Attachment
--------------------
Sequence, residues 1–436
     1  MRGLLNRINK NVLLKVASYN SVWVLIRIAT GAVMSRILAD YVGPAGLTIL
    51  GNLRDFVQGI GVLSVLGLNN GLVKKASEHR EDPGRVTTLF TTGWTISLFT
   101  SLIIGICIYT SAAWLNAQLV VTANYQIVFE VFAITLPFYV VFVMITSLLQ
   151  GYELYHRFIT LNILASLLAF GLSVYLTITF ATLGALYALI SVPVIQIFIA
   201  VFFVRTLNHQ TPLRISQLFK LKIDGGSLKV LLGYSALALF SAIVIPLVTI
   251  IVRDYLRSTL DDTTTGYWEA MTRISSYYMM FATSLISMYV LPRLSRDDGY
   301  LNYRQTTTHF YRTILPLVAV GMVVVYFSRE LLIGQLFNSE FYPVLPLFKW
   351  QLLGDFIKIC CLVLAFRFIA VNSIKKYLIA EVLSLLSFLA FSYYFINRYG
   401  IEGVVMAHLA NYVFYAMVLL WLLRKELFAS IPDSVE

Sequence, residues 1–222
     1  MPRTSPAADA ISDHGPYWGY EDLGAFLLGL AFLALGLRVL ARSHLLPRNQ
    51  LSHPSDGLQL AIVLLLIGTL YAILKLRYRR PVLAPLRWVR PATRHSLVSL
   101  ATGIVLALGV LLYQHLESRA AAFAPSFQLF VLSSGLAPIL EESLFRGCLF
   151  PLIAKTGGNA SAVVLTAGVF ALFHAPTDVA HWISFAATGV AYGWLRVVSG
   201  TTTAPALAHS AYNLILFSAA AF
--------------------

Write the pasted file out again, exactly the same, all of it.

Sequence, residues 1–436
     1  MRGLLNRINK NVLLKVASYN SVWVLIRIAT GAVMSRILAD YVGPAGLTIL
    51  GNLRDFVQGI GVLSVLGLNN GLVKKASEHR EDPGRVTTLF TTGWTISLFT
   101  SLIIGICIYT SAAWLNAQLV VTANYQIVFE VFAITLPFYV VFVMITSLLQ
   151  GYELYHRFIT LNILASLLAF GLSVYLTITF ATLGALYALI SVPVIQIFIA
   201  VFFVRTLNHQ TPLRISQLFK LKIDGGSLKV LLGYSALALF SAIVIPLVTI
   251  IVRDYLRSTL DDTTTGYWEA MTRISSYYMM FATSLISMYV LPRLSRDDGY
   301  LNYRQTTTHF YRTILPLVAV GMVVVYFSRE LLIGQLFNSE FYPVLPLFKW
   351  QLLGDFIKIC CLVLAFRFIA VNSIKKYLIA EVLSLLSFLA FSYYFINRYG
   401  IEGVVMAHLA NYVFYAMVLL WLLRKELFAS IPDSVE

Sequence, residues 1–222
     1  MPRTSPAADA ISDHGPYWGY EDLGAFLLGL AFLALGLRVL ARSHLLPRNQ
    51  LSHPSDGLQL AIVLLLIGTL YAILKLRYRR PVLAPLRWVR PATRHSLVSL
   101  ATGIVLALGV LLYQHLESRA AAFAPSFQLF VLSSGLAPIL EESLFRGCLF
   151  PLIAKTGGNA SAVVLTAGVF ALFHAPTDVA HWISFAATGV AYGWLRVVSG
   201  TTTAPALAHS AYNLILFSAA AF